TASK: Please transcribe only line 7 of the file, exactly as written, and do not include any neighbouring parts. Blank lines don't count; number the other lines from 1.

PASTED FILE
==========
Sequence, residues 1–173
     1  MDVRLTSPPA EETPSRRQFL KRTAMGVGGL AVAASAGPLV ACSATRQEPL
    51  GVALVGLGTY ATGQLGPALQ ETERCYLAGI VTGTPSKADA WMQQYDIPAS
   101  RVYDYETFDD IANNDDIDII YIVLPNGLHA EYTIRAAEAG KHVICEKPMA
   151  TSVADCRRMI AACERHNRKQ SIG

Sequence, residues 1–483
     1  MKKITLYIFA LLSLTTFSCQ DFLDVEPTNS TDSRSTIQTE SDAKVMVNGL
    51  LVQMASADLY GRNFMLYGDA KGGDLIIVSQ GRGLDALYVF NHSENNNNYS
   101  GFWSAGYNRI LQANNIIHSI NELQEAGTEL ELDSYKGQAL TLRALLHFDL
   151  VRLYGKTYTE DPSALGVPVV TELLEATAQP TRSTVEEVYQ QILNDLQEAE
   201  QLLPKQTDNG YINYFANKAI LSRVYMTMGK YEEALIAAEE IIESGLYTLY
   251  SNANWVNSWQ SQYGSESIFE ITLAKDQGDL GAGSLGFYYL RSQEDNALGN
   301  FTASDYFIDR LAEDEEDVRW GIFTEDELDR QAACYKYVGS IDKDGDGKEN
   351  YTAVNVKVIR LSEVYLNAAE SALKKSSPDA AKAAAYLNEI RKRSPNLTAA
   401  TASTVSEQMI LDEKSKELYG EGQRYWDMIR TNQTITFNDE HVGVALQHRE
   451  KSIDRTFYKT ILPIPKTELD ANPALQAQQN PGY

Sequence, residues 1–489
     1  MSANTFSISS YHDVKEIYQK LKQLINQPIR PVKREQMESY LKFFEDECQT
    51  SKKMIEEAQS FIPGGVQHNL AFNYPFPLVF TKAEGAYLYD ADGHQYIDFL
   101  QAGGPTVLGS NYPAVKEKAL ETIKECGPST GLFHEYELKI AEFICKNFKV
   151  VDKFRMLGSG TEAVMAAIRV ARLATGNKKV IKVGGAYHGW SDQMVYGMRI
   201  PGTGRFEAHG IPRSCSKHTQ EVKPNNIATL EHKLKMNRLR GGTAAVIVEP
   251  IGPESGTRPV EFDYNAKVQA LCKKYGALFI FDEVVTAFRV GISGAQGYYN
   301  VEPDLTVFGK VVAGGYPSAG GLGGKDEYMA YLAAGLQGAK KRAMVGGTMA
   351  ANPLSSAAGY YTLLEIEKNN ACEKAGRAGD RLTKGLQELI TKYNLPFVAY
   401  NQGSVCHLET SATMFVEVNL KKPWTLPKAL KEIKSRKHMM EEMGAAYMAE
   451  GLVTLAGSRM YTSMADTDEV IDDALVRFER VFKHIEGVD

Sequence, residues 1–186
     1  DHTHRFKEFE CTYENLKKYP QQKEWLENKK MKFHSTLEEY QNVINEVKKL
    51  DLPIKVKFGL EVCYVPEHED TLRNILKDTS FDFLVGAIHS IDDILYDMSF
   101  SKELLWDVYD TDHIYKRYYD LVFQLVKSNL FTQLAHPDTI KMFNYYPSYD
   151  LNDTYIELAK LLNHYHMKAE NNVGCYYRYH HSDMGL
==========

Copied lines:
     1  MKKITLYIFA LLSLTTFSCQ DFLDVEPTNS TDSRSTIQTE SDAKVMVNGL